How best to integrate Minnesota schools has confounded many, from the school officials themselves, on up to the state legislature and the governor.
A 12-person task force appointed by the legislature and the Minnesota Department of Education recommends greater oversight of how schools spend millions of dollars in an effort to close the achievement gap.
Last year Gov. Mark Dayton rejected a plan by GOP lawmakers that ended integration funding, most of which goes to Minneapolis, St. Paul and Duluth. The task force was proposed from that fight.
But at least one key lawmaker doesn't think the task force gave the legislature much to work with.
One challenge for the integration task force was to determine how schools should best use money meant for integration efforts. The state spends $108 million annually on the program.
Task force member Myron Orfield, a law professor and executive director of the University of Minnesota's Institute on Race and Poverty, says schools lack guidance on how best to use money intended to reduce the achievement gap between white students and racial minority students.
"Some districts were using it and not being accountable for it. They were using it to supplement their budgets," Orfield said. "Others said people were using it to hire motivational speakers or to go to conventions, there was no rhyme nor reason."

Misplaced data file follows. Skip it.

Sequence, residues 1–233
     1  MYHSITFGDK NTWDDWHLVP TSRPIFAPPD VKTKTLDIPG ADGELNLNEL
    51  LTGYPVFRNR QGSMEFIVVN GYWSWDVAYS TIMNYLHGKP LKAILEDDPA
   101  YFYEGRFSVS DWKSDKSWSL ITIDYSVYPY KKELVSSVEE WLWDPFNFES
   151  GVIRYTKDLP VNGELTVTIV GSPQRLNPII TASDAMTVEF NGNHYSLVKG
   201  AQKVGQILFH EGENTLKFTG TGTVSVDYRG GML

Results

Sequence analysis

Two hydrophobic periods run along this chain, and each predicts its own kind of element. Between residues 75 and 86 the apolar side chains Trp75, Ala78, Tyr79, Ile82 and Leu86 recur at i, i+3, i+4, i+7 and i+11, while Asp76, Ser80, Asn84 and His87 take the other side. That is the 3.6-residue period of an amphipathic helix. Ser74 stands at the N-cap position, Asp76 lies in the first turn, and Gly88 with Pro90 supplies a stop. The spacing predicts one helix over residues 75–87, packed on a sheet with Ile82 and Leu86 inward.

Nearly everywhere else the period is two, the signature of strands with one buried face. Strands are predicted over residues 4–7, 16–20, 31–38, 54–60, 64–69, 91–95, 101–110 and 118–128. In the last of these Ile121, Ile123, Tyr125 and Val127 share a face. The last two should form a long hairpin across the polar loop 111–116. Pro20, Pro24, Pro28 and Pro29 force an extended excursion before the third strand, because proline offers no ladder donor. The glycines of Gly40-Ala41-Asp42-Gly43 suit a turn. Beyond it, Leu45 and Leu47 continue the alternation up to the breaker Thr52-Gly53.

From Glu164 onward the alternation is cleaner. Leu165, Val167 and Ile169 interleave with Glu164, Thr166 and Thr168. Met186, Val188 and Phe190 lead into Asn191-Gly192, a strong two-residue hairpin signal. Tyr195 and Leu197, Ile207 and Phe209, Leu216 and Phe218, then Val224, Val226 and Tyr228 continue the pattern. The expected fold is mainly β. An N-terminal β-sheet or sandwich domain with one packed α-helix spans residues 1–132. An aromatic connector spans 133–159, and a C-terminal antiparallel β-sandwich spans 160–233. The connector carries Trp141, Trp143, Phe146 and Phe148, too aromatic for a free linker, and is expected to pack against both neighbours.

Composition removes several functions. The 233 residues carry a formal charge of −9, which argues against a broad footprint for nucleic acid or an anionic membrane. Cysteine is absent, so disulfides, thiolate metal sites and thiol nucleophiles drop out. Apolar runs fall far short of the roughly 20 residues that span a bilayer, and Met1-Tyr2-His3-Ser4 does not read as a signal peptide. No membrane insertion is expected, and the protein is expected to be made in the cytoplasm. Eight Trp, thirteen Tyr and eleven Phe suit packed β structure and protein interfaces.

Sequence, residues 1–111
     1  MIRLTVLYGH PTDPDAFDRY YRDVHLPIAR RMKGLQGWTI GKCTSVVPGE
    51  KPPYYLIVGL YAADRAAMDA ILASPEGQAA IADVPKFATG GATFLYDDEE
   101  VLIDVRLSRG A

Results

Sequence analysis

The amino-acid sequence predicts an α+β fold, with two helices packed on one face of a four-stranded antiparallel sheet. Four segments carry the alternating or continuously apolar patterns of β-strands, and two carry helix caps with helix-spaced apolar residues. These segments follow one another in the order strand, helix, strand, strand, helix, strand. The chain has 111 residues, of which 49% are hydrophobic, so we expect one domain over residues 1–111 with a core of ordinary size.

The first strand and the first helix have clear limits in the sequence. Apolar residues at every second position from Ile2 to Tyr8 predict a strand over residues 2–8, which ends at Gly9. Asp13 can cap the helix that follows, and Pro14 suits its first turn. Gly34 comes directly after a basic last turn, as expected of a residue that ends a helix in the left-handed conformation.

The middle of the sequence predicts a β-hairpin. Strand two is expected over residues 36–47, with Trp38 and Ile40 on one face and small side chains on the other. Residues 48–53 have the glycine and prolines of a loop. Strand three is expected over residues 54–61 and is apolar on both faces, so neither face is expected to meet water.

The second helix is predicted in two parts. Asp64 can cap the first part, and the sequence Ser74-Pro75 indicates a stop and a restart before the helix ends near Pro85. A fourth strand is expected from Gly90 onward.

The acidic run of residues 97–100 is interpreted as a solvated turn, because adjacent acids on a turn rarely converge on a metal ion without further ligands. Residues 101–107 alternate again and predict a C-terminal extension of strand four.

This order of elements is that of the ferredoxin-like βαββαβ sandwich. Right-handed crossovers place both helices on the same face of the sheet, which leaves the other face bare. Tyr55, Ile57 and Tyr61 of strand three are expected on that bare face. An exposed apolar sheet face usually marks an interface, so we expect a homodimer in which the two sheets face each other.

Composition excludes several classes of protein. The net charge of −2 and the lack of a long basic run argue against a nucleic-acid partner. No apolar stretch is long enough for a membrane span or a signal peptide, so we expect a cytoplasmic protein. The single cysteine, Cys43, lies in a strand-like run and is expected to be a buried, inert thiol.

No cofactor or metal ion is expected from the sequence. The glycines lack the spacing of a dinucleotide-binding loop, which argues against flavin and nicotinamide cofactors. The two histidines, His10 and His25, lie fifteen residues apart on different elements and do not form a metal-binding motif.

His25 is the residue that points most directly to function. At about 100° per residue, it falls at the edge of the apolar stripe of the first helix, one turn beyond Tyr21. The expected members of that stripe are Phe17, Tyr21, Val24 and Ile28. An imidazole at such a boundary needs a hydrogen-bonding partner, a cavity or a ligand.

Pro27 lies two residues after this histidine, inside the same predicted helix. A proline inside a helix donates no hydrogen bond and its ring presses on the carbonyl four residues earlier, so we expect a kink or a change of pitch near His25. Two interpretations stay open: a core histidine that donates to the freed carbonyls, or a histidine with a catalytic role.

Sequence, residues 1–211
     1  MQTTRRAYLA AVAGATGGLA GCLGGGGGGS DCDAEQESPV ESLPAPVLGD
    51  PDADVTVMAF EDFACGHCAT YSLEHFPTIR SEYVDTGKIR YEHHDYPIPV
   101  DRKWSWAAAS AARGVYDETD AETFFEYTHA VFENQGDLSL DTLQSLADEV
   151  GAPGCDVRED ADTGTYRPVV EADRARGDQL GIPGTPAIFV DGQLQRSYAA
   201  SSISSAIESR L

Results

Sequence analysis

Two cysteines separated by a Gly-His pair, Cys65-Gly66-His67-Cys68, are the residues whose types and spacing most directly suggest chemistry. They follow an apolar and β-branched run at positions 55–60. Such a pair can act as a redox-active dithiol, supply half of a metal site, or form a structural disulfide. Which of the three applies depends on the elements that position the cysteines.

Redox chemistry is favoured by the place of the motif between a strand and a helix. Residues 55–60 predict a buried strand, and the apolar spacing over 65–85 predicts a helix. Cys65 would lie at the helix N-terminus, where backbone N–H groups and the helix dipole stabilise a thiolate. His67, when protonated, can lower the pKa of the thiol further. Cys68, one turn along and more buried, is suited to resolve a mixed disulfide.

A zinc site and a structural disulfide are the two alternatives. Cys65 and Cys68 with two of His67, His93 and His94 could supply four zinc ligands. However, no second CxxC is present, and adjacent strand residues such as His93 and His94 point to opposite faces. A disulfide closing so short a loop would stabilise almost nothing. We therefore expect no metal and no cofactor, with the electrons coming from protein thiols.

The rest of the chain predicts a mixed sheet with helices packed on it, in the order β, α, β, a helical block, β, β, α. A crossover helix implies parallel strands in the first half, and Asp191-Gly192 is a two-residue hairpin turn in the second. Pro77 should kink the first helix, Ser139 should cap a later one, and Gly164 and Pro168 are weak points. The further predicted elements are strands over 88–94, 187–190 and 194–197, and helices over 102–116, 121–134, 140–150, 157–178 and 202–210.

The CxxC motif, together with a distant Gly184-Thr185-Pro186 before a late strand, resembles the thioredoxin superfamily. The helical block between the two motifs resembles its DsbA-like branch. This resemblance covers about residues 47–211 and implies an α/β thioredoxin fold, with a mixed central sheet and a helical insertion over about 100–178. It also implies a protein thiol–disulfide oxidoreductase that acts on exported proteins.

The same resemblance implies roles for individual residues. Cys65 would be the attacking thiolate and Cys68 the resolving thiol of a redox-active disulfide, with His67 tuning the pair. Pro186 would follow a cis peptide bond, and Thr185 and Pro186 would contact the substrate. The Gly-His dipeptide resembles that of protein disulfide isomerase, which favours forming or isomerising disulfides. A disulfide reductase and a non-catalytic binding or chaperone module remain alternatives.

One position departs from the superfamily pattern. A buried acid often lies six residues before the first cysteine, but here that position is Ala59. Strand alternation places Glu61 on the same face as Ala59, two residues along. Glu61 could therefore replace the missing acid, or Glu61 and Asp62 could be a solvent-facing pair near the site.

Orfield said task force members agree schools need to report how they use integration funds, and the school and the state should measure whether those efforts are successful.
However, details of how that specifically happens were left out.
Task force co-chair Peter Swanson said the group should have offered a more solid plan.
"Here is what we're going to measure in terms of progress. Here is what will make a district continue to receive the money. Here is what is going to make a district no longer receive the money," Swanson said. "I don't think we were as detailed with that as we could have been."
Swanson was one of two members who voted against the task force's final report, primarily because he thought it lacked detail.
But he said the group worked well together, despite opposing views on integration and could have done an even better job if it had more than 10 weeks to finish the report.
Despite the quick turn-around time, the report should be useful to lawmakers, task force member and Republican State Sen. Pam Wolf said.
"It was definitely a document that can be used at the very least as a beginning point," Wolf said.
From that, lawmakers could add detailed instructions for how schools could qualify for and use integration dollars, Wolf said.
She said it is also possible lawmakers will ignore the findings as they dive into the issue once again.
Republican State Rep. Sondra Erickson, who chairs the House Education Reform Committee, expressed disappointment with the group's report.
"I would like this task force to go back to the table and actually talk about what can be done differently to turn around the achievement," Erickson said.
She said the task force needs additional specifics on tools and strategies schools can use to narrow the achievement gap.
The task force did provide at least one specific recommendation — how much state money should be spent on integration. The group said the current level, about $108 million annually, should be maintained.
As the amount stays the same, some schools could see more money for integration efforts if they show progress toward closing the achievement gap.